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. Last Updated: 07/27/2016

Inflation Hindering Mortgage Process

Russian banks are trying to establish their first home mortgage loans, but a U. S. financial adviser maintains little can be done unless inflation is held to 125 percent a year or less.


The St. Petersburg Mortgage Bank has already begun making explicit oneyear loans backed by building assets. Sberbank, the quasi-state savings bank system, a commercial bank called MosBusinessbank and a group to be named the Shared Equity Mortgage Bank, are all considering plans for mortgage lending in Moscow.


But Raymond Struyk, a consultant to the banks and the Moscow government from the U. S. AID program, says that unless inflation stabilizes, under 5 to 7 percent a month, the banks will have to be extraordinarily cautious.


"They are going to get involved no matter what, but it will only be for a tiny slice of the market, the very rich who are the best credit risks. At the moment, the general situation is too volatile", he said.


The losers from the absence of a mortgage market are the Russian housing construction industry and Russian citizens with their huge, pent-up demand for housing.


Housing construction has fallen to about 40 percent of its 1989 level, but market demand for housing is smothered, because the only way to buy is for cash. For example, says Struyk, Moscow city authorities built 3 million square meters of housing this year but actually sold 365, 000.


About 20, 000 dwellings will be sold on the secondary market this year, a tiny number for a city with 3 million housing units. The main buyers are not individuals but enterprises looking for a hedge against inflation. Firms also invest in homes as part of a salary package for their employees, partly to avoiding payroll taxes.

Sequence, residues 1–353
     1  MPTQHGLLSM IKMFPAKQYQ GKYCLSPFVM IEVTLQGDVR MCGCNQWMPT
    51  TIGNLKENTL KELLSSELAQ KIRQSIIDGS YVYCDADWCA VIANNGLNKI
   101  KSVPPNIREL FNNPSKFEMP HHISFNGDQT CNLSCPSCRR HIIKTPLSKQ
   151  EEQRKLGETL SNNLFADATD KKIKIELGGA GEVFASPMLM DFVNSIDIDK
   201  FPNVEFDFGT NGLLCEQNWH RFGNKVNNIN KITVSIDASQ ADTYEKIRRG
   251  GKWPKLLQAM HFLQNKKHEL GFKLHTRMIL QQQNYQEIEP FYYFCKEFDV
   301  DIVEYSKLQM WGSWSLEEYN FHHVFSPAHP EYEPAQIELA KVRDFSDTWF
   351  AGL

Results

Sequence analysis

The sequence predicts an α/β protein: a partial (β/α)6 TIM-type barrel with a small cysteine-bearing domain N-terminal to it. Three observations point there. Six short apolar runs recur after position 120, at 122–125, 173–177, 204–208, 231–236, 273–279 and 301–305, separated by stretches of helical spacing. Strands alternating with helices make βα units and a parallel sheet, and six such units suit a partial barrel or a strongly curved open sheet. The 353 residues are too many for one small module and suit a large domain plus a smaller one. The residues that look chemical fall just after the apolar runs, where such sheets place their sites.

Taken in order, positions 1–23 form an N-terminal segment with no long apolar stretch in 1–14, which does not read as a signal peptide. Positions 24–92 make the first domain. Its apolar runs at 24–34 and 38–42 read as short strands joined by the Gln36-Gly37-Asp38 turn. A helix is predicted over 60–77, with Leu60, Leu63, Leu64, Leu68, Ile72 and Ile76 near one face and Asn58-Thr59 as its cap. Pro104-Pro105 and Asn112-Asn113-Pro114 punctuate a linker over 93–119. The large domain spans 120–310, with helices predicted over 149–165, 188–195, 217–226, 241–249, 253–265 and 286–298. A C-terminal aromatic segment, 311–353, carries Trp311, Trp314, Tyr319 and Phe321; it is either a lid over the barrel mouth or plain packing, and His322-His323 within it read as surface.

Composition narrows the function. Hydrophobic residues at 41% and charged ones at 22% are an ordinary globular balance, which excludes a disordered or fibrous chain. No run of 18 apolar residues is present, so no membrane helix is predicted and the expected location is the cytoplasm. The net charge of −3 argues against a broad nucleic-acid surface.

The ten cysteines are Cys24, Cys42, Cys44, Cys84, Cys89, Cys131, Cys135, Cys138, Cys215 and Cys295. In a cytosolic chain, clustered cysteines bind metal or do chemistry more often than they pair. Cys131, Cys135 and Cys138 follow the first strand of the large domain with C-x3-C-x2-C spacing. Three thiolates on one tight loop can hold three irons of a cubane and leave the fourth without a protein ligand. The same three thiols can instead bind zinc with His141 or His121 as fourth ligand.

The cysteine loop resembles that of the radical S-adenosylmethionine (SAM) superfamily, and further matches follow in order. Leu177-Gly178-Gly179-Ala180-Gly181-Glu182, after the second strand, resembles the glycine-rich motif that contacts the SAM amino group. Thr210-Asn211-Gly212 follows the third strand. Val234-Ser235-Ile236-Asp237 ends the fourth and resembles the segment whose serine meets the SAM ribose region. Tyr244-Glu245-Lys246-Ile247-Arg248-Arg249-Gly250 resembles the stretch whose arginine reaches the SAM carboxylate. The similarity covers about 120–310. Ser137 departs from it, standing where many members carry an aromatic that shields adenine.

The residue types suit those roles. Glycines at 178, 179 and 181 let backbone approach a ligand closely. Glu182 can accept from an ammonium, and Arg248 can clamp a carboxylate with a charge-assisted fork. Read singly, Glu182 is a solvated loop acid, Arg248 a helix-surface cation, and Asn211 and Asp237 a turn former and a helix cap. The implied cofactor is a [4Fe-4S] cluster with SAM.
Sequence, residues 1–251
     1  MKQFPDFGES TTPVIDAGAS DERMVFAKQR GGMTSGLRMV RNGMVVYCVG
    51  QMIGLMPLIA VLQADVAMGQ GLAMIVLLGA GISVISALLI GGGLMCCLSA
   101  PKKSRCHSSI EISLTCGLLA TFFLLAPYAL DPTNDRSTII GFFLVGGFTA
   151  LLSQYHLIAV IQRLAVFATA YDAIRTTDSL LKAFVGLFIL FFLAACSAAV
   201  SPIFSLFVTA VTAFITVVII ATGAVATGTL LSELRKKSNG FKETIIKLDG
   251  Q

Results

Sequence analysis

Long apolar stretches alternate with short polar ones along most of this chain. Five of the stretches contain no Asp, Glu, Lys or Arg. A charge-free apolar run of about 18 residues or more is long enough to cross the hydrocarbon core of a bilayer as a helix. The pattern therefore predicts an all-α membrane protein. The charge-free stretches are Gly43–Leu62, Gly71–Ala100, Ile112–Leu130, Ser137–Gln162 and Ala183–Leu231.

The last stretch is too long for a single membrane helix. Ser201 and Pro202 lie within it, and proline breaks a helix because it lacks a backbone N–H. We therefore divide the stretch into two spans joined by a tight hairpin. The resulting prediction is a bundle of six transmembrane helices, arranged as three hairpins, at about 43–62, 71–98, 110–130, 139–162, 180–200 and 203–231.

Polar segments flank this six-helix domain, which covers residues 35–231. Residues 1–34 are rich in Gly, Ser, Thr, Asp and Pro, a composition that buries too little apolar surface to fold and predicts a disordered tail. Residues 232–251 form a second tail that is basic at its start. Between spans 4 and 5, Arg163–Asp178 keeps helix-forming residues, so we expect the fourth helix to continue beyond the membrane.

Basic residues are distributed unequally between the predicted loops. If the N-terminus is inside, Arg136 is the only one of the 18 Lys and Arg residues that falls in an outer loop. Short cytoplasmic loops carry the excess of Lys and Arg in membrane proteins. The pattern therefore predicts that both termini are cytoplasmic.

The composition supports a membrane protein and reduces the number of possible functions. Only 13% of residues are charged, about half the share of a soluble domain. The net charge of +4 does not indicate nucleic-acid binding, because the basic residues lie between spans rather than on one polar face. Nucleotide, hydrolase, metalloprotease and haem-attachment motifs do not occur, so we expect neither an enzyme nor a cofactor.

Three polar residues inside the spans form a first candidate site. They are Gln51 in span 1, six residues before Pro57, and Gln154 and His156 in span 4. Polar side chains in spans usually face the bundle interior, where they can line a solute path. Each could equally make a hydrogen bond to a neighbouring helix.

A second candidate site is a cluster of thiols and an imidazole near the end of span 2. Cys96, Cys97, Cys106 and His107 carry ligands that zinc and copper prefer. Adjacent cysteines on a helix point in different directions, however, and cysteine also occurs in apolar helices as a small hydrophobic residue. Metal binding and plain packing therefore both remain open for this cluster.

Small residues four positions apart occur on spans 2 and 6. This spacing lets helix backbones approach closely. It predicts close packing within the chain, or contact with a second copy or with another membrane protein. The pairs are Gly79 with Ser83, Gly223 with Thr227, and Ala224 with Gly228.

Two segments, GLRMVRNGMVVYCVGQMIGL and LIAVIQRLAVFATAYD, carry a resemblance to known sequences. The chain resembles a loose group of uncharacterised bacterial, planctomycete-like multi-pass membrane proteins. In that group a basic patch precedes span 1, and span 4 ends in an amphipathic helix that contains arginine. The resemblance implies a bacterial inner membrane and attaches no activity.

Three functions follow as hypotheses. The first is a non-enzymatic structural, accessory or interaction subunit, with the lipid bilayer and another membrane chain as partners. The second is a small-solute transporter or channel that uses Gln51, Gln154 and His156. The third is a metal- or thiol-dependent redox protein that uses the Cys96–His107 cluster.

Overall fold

Many Russians would prefer to buy newly built dwellings rather than privatize their current flats, Struyk says, partly because rents and renovation costs for state flats are expected to rise.


Surprisingly, raising capital for mortgage loans is unlikely to be a problem because commercial banks, insurance companies and government pension funds are awash with money and looking for safe investments.


One delicate problem is the lack of any procedure for evicting defaulters.


Struyk says India and Latin America offer examples of mortgage markets which operate successfully without evictions. But the problem of volatile inflation remains. Economist Sergei Panteleyev says it is examining inflation indexing as one answer.


Another variant would involve tying repayments to a percentage of the borrower's income, with the hope that as the borrower's income increased, he would eventually pay out the loan.